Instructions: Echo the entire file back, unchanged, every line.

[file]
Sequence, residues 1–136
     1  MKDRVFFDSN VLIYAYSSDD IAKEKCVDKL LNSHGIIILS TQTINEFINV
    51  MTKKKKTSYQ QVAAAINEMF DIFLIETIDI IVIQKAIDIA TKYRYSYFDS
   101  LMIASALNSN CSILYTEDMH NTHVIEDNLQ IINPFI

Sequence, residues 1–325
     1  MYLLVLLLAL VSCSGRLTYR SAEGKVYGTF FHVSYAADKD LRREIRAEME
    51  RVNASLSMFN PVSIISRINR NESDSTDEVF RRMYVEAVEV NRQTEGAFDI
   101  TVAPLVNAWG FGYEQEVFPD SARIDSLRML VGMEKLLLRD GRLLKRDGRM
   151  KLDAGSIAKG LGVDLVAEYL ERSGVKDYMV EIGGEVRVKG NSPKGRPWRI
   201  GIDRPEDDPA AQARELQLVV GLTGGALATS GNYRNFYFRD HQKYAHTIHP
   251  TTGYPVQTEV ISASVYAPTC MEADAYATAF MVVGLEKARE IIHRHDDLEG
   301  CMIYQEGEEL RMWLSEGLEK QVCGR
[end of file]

Sequence, residues 1–136
     1  MKDRVFFDSN VLIYAYSSDD IAKEKCVDKL LNSHGIIILS TQTINEFINV
    51  MTKKKKTSYQ QVAAAINEMF DIFLIETIDI IVIQKAIDIA TKYRYSYFDS
   101  LMIASALNSN CSILYTEDMH NTHVIEDNLQ IINPFI

Sequence, residues 1–325
     1  MYLLVLLLAL VSCSGRLTYR SAEGKVYGTF FHVSYAADKD LRREIRAEME
    51  RVNASLSMFN PVSIISRINR NESDSTDEVF RRMYVEAVEV NRQTEGAFDI
   101  TVAPLVNAWG FGYEQEVFPD SARIDSLRML VGMEKLLLRD GRLLKRDGRM
   151  KLDAGSIAKG LGVDLVAEYL ERSGVKDYMV EIGGEVRVKG NSPKGRPWRI
   201  GIDRPEDDPA AQARELQLVV GLTGGALATS GNYRNFYFRD HQKYAHTIHP
   251  TTGYPVQTEV ISASVYAPTC MEADAYATAF MVVGLEKARE IIHRHDDLEG
   301  CMIYQEGEEL RMWLSEGLEK QVCGR